My Daily Advertiser Op Ed column for Tuesday 10 April 2018

NSW government puts religion ahead of children’s safety

In what appeared to be good news last week we learnt that paedophiles are to be punished with strengthened sentencing and new laws in changes promised for NSW (ABC TV News).

The NSW Premier and Attorney-General announced a suite of changes in response to the Royal Commission into Institutional Responses to Child Sexual Abuse final report.

Changes to child sex abusers’ punishment in NSW will include a maximum life sentence introduced for the strengthened offence of persistent child sexual abuse and there will be new offences for failure to report and failure to protect against child abuse. Courts to be required to sentence child sex abusers using current sentencing standards, rather than applying historic sentencing principles and they would not be able to take into account an offender’s good character when sentencing for historic offences.

“We are tightening the laws, we’re making sure NSW is not leaving any stone unturned in the relation to the protection of children,” Premier Gladys Berejiklian said.
Yet in a more than disappointing move the Premier sidestepped introducing state laws to break the seal of confession.

Indeed, the NSW Government is putting questionable religious practices ahead of the welfare and safety of children by failing to abolish the secrecy of the confessional.

The NSW Government has failed to remove the outdated and dangerous practice of priests using the seal of the confessional to avoid reporting child sexual abuse to the police. This was one of the most important symbolic recommendations from the Royal Commission.

This is very disappointing and shows a real lack of courage from the Government. Children must be protected ahead of the interests of any church or religion and surely that means abolishing the ‘sanctity’ of the confession.

Not surprisingly, the Roman Catholic Church was quick to defend the sanctity of the confessional. For example, Denis Hart, the archbishop of Melbourne, responded by saying the sacredness of the confessional was above the law, and he would rather go to jail than report any sin he heard during the sacrament of penance, reported the Guardian Australia.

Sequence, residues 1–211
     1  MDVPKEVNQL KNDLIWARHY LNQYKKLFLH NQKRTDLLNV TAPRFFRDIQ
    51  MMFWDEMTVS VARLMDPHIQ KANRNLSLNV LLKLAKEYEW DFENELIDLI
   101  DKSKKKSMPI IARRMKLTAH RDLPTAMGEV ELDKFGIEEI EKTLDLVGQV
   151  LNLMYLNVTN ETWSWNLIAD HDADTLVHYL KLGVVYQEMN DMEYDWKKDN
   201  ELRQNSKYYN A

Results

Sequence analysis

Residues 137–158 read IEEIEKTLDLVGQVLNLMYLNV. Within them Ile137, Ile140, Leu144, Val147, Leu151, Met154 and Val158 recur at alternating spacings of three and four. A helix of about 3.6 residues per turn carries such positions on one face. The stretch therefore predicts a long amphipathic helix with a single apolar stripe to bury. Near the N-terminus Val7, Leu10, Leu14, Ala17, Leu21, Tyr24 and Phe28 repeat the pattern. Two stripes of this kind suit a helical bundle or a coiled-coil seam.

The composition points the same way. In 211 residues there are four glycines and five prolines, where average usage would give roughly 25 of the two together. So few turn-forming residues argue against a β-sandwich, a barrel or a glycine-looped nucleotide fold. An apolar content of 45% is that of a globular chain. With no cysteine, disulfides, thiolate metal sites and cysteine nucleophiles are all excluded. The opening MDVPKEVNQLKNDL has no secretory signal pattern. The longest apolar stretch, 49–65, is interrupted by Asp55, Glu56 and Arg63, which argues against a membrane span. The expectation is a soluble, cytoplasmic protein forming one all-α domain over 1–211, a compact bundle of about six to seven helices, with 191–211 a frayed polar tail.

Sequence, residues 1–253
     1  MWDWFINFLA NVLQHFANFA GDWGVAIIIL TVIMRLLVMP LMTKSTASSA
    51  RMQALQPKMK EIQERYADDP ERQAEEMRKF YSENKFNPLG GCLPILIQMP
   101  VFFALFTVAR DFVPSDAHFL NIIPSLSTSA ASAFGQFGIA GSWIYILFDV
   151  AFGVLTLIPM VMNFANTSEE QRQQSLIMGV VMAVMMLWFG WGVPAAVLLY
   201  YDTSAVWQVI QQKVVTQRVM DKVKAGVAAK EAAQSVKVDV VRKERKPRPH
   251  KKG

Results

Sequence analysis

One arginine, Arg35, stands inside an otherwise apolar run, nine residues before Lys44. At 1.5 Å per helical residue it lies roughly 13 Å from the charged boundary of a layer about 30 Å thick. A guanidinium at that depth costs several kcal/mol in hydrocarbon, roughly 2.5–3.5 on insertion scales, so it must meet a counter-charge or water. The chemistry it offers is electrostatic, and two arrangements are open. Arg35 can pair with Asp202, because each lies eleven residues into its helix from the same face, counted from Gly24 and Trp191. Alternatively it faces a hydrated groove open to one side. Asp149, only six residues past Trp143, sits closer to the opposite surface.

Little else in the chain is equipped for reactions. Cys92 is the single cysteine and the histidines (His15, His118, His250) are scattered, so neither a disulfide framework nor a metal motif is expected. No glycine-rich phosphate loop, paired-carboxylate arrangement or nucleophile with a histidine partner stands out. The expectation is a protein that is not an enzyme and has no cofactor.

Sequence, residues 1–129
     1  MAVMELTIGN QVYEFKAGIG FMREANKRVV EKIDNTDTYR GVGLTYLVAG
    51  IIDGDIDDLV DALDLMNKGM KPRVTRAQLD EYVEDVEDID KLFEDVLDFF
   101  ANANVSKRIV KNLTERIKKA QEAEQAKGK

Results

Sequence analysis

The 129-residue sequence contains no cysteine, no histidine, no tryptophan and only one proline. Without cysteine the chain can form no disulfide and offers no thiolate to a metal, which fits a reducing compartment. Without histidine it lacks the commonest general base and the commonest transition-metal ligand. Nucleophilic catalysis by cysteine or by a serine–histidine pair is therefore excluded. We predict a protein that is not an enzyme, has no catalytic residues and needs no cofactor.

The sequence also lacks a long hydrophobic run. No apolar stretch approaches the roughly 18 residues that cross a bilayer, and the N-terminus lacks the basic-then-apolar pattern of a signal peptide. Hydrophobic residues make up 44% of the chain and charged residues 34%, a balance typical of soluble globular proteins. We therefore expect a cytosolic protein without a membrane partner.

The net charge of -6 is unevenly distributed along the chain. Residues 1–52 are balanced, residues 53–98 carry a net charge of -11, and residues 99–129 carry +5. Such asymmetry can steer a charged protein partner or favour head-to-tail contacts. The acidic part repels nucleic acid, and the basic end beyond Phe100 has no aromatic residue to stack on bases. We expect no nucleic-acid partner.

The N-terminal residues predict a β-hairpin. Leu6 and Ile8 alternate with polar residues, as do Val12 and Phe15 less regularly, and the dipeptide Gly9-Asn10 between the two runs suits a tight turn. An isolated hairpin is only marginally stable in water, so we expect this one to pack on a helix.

However, many of us beg to differ, for abolishing the secrecy of the confessional was one of the most important recommendations from the Royal Commission. However, rather than taking leadership, this government pushed this question off to the Council of Australian Governments (COAG).

So instead of putting children first, failure to remove the sanctity of the confessional shows just how much the NSW government is captured by the religious right in its ranks.
“While we welcome the government finally moving to implement our long-standing proposal to fix the unfairly lenient sentences handed down to historical child sex offenders, there is so much left undone with this announcement” Greens NSW MP and Justice Spokesperson David Shoebridge said.

What’s most remarkable is that the NSW Government’s headline grabbing plan for life sentences was not even a recommendation of the Royal Commission.

It is good to hear that the Greens will closely review this legislation and move to amend it to “ensure far more of the Royal Commission’s recommendations are implemented as soon as possible,” Mr Shoebridge said. Let’s hope the ALP and the cross benchers do likewise.

My Daily Advertiser column for yesterday, 3 April 2018L Australia’s real shame is in our asylum seeker policy, not in cricket.